My friend John is an interaction designer for a non-profit organization. His job is to manage their website. The purpose of the website is to help users learn about various charitable organizations, enabling them to choose which ones they want to donate to. The site has grown over time and now offers information about many different types of charities.

Designing categories can be tricky business. Make sure to understand fully how the different possibilities you categorize information might affect your users usability.

John feels it’s important to categorize the charities so users can easily browse what types of charities are available, as well as to more easily choose those they’re most interested in. But he wonders about the best way to do this, since they could be grouped in various ways. For example, the charities could be grouped according to size, type, purpose, geographic location, etc. What method of categorization might be best and most meaningful to those who visit the site?

Because he is a conscientious designer, he is concerned about how different ways of categorizing might influence usability. But what might not occur to him is that the method of categorization might have other implications, too—such as which charities users actually choose.

For example, let’s say a philanthropist wants to donate to an array of children’s charities. If these are grouped by domestic versus international, she might select an equal number of charities from both groups. Alternatively, if the charities are organized into three groupings—local, national, and international—might she choose differently? To what extent might the design of how the charities are organized or grouped influence how she decides, as well as how much money she allocates to each of them?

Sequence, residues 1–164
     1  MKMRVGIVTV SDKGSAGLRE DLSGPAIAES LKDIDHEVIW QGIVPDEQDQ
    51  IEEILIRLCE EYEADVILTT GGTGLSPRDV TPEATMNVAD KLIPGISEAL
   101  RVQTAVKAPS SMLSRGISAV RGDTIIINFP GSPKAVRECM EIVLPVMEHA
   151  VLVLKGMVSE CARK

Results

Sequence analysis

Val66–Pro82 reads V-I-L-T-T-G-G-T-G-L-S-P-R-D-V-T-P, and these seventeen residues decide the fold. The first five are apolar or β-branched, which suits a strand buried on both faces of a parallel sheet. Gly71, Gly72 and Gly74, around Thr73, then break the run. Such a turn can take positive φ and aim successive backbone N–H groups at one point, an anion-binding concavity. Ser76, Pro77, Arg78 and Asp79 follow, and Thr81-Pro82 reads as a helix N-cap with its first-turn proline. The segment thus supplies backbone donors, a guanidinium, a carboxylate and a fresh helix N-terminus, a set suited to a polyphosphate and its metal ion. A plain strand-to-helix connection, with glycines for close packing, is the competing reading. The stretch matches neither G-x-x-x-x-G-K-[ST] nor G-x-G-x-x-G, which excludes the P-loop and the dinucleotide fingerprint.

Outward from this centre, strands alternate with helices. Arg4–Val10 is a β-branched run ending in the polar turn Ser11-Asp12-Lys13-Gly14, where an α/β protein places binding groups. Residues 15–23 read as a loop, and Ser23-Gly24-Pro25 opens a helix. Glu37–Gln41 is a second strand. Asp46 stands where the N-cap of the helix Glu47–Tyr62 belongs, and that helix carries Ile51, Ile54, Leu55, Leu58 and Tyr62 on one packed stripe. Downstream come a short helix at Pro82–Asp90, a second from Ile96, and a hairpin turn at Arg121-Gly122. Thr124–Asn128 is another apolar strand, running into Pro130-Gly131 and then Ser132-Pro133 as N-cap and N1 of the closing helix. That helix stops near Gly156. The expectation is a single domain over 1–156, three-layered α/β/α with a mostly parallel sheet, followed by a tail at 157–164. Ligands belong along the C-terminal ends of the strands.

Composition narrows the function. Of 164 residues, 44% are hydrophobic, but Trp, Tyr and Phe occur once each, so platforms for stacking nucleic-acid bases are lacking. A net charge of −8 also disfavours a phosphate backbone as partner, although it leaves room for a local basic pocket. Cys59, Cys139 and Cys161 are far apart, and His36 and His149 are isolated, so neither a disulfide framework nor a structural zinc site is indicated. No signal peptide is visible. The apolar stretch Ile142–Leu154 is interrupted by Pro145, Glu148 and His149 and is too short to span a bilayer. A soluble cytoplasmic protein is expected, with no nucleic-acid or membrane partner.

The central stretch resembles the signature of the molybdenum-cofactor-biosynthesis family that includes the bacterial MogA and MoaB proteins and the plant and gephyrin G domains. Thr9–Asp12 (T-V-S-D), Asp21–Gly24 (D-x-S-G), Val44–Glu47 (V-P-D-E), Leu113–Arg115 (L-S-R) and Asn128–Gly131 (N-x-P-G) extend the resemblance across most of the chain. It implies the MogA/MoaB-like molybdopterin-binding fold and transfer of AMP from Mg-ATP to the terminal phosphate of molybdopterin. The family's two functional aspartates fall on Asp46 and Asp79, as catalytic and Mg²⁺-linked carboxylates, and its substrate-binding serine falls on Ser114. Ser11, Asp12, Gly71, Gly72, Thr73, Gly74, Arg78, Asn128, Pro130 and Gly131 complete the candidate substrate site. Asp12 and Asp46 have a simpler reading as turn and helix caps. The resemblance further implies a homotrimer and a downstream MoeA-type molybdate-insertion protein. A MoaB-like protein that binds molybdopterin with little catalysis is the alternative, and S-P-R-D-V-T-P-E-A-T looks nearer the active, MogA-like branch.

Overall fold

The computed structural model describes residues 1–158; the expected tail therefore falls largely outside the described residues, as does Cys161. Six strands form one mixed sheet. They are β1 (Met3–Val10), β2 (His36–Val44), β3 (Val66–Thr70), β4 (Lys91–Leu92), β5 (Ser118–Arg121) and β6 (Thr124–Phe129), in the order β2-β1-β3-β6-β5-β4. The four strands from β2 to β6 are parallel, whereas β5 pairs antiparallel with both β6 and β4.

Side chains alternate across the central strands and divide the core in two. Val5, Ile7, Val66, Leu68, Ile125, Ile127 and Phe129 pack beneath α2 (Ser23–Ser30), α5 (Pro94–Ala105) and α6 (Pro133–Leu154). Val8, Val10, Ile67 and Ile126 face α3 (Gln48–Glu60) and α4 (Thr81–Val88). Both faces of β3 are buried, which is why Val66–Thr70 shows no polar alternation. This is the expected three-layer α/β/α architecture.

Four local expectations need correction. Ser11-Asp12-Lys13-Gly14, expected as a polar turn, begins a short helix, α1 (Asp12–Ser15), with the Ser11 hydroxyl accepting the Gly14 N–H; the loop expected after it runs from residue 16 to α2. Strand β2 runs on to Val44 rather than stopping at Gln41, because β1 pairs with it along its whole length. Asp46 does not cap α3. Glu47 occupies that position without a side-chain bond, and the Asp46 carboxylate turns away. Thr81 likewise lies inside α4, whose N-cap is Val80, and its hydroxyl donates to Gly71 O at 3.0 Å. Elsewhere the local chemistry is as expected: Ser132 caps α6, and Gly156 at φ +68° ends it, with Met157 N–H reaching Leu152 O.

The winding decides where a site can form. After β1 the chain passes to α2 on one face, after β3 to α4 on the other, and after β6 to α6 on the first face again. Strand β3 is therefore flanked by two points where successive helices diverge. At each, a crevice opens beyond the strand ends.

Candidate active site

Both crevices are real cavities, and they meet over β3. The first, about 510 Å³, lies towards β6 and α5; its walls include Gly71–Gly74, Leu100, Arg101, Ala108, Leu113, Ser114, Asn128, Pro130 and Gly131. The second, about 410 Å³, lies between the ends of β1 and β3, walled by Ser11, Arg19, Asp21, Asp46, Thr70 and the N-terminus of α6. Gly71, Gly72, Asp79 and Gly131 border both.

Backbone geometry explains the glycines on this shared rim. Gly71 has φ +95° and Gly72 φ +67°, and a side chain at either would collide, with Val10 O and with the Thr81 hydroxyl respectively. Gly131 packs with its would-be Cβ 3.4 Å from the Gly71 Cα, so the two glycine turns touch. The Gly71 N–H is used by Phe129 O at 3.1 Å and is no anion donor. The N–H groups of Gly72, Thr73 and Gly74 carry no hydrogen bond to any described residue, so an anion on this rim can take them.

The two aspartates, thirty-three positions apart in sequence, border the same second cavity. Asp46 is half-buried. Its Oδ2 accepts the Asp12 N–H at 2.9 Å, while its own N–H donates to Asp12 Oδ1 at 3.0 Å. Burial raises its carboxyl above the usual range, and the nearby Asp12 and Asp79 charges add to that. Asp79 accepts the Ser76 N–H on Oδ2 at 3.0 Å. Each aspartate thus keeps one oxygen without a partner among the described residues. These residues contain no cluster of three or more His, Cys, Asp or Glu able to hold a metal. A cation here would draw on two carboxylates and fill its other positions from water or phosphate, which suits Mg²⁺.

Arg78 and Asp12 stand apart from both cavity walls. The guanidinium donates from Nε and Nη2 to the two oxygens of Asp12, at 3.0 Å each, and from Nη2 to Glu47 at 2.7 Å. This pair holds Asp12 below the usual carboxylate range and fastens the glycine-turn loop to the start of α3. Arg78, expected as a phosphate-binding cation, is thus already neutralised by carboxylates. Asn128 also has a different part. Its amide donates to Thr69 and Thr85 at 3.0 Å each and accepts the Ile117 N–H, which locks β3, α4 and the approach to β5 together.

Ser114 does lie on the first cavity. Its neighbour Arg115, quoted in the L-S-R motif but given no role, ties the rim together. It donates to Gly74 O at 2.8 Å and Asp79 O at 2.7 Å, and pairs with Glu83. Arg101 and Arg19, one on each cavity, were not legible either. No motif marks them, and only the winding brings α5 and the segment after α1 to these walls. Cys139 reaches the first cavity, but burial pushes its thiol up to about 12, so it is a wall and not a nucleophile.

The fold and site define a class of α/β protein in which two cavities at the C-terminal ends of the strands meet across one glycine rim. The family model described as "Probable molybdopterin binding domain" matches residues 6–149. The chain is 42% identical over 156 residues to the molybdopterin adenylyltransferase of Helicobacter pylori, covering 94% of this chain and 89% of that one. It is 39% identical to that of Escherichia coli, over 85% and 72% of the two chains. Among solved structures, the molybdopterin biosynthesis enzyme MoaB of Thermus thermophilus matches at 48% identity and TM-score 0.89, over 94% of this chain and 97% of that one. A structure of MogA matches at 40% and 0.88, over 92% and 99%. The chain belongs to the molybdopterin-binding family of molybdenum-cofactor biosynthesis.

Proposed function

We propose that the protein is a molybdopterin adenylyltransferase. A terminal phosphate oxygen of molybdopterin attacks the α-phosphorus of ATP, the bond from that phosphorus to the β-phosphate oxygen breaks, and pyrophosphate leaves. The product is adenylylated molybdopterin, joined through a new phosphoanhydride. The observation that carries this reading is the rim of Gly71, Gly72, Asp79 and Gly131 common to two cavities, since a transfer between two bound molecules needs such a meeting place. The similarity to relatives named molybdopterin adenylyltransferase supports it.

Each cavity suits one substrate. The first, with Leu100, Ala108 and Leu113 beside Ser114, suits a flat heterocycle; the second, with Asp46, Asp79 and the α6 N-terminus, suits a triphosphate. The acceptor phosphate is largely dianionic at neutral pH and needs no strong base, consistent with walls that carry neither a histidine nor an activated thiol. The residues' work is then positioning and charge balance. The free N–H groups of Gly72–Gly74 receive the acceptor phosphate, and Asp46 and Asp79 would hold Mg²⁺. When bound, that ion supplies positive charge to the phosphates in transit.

In this article, we’ll look at how the categorization and grouping of items can influence and drive decision outcomes, sometimes in very significant ways.

Categorization of ranges

In a study designed to understand how the actual categorization of items might influence or impact decision outcomes, researchers asked participants to determine how they would allocate financial aid money according to the income levels of the families of college applicants. They anticipated that participants would lean towards giving the most money to applicants with the greatest need (e.g., with the lowest income). But they were also interested in finding out how the actual categorization of the income levels might impact decision outcomes.